“The only thing you’ve got in this world is what you can sell.”
It’s one of the most famous lines in Arthur Miller’s classic Death of a Salesman, and it has a certain compelling logic to it. There is a fundamentally transactional basis to any business – a customer buys something from a vendor.
Only, ‘sales’ has come a long way. It’s certainly very different to the stereotypical 1940 and 50s ‘heyday’ of salesmen like Miller’s Willy Loman living on their wits and doing anything to make the sale.
When it comes to the kind of companies we invest in at Episode 1 – early stage startups building the next generation of software – it is anything but adversarial, with vendor and customer actually part of a single process around shared goals.
But before we look forward, let’s have a quick recap.
Once upon a time the relationship between buyer and seller was immediate and direct, based around an exchange of goods or service in return for something – bartered goods and, later, money. The seller was the maker, craftsman or grower themselves, and so sales was not a job in its own right.
Sales as we think of it today has its genesis in the industrial revolution and the first large scale markets that resulted from mass-produced products. This meant makers couldn’t have the direct, one-to-one relationship with their customers any longer. Selling things became a profession.
Back then, a customer was very much being sold to. They had almost no means of researching products and markets, and had to rely on the salesman for information to inform their buying decision.
The rise of mass media, especially radio and television, presented new channels for marketing but also led to a better informed consumer.
Sales strategies and techniques were devised, leveraging human psychology and behavioural insight in pursuit of the ‘win’.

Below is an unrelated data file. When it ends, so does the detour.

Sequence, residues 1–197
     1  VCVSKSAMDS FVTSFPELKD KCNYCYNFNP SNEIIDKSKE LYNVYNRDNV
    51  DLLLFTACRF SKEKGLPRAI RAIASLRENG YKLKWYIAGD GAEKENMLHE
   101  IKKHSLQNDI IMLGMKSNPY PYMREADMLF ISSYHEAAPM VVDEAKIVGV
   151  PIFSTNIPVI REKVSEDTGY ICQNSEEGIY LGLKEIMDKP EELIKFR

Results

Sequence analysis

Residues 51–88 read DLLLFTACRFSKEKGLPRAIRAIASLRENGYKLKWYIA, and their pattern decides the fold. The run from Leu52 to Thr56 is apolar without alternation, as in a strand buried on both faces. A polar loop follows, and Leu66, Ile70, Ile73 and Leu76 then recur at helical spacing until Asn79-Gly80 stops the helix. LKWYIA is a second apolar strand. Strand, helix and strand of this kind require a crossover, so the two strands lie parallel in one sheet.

The Mad Men era saw things become a bit less adversarial, as salespeople shifted towards identifying their customers’ problems and offering solutions rather than just flogging them something regardless.
As technology disrupted just about everything, sales was turned inside out. The internet empowered customers with instant information about products, markets and reputations.
Large-scale enterprise IT sales was followed by the SaaS explosion, but even that hype curve won’t be the end of the sales evolution.
So where are we now?
In a world of AI and blockchain ‘miracles’ there is no shortage of what can look suspiciously like deep tech snake oil. But we are seeing truly game-changing technology find swift mainstream adoption.
As Arthur C Clarke famously stated, “Any sufficiently advanced technology is indistinguishable from magic”. It’s a quote the Episode 1 team is fond of, being apt for so many of the investments we have made.
So ‘selling’ a new piece of breakthrough software involves something like a compression of the full sweep of sales history, taking a pinch from each era to arrive at the close customer alignment that helps shape both product and business model.
Sure, a bit of chutzpah to get those first conversations started. A little foot-in-the-door persistence to nudge an open-ended ‘maybe’ into a more solid ‘yes’.
But, ultimately, the sales journey is one taken by customer and vendor together and involves shared knowledge and a bespoke approach. In the case of genuinely break-though technology, this can take longer than typical startup cycles.
Very often there is a pre-revenue phase of a company’s development in which they are working closely with their customers to solve real business problems and achieve product market fit. There is real value there, with a clear commitment from the customer and a honing of the product. This has been true of Episode 1 portfolio company CloudNC, for example, which has built ground-breaking technology in pre-revenue development with highly committed customers. The same has been true of stablemates Carwow, Passfort, and Attest, which had revenue and all had customers actively pursuing their products at Series A stage.
The need for startups to convert such initial traction into sustained growth has seen the rise of the Chief Revenue Officer. Usually, by the time a company reaches a Series A round, it will need evidence of solid sales being firmly within reach.
If the customer relationship doesn’t convert into bankable revenue, it’s game over – no business.
How a company makes that transition will be what we explore in the next part of this blog series.
So it’s tempting to conclude that the old saying ‘nothing happens until someone sells something’ still holds true. Considering the way vendor and customer are so inextricably linked in the pre-revenue development process it might be fairer to say that ‘nothing happens until someone buys something’.
Either way, perhaps reports of the ‘death’ of sales are somewhat exaggerated.